Leisure (W H Davies)
What is this life if, full of care,
We have no time to stand and stare?—
No time to stand beneath the boughs,
And stare as long as sheep and cows:
No time to see, when woods we pass,
Where squirrels hide their nuts in grass:
No time to see, in broad daylight,
Streams full of stars, like skies at night:
No time to turn at Beauty’s glance,
And watch her feet, how they can dance:
A poor life this if, full of care,
We have no time to stand and stare.
This was today’s poem of the day in my Poem for the Day book and, given it is Easter Sunday and a time where we traditionally take stock, celebrate life and spend time ‘at leisure’, it seems rather fitting. I had ambitious writing plans for my few days off over the Easter break but I have, instead, seemingly embraced the essence of this poem and, well, have taken the time to ‘stand and stare’. In a manner of speaking.
Inspiration comes from soaking up the richness of our surroundings – consciously and unconsciously – and when better to indulge than when you have a little less timetabling (i.e. work) to distract you?
My peace poems have finally been submitted to the Reading and Writing for Peace project and I have made progress with this month’s short story during my time off, but mostly, I’ve been engaged in non-literary related things – that is, caring for my wee dog after a little procedure at the vets. If there has to be a point to this all, it is that, experiences shape us for the better or for the worse and, inevitably, will often seep out into our writing in some shape or form. I certainly attribute much of my inspiration for stories and poems to my aforementioned pup – those with dogs in their lives will understand the wealth of inspiration they can bring – both directly and indirectly – and walking helps to clear the head and fill it with fresh ideas.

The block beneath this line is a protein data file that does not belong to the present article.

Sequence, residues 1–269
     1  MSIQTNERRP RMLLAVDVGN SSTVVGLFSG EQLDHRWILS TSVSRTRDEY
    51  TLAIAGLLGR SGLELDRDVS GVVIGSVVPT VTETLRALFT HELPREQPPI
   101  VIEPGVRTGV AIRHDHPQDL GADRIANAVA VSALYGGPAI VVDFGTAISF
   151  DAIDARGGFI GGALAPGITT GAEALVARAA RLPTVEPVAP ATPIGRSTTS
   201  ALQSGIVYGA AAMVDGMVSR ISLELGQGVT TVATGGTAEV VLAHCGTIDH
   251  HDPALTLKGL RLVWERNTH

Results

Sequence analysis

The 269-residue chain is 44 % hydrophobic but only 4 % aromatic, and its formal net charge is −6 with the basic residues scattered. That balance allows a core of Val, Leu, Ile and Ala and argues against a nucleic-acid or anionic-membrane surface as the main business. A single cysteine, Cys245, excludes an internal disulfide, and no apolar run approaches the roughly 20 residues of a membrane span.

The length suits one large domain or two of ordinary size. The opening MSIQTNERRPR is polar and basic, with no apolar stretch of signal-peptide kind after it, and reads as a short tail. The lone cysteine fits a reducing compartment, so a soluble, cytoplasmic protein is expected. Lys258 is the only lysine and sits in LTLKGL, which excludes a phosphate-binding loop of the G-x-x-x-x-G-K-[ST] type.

Perhaps this Easter break will lead to some ingenious new material, perhaps not. But it has given me time to stand and stare, do a little writing, a little thinking and to take things at a leisurely pace before the wheels of work begin to grind again and I enter the arena once more…
PS Some poetic news which I meant to mention last week… Those with an inclination towards Ulster Scots poetry will be no stranger to the work of Wilson Burgess (Derry-based; living in Derry), who I have mentioned on this blog before as someone who has inspired me in my writing with his tales of wit and wisdom! Well, aside from having his Ulster Scots poetry books on the required reading list at Queen’s University, Belfast… Mr Burgess is now also available in Dublin, having made it onto the bookshelves of two well-known bookstores in the Irish capital. Read the story here. Well done Wilson!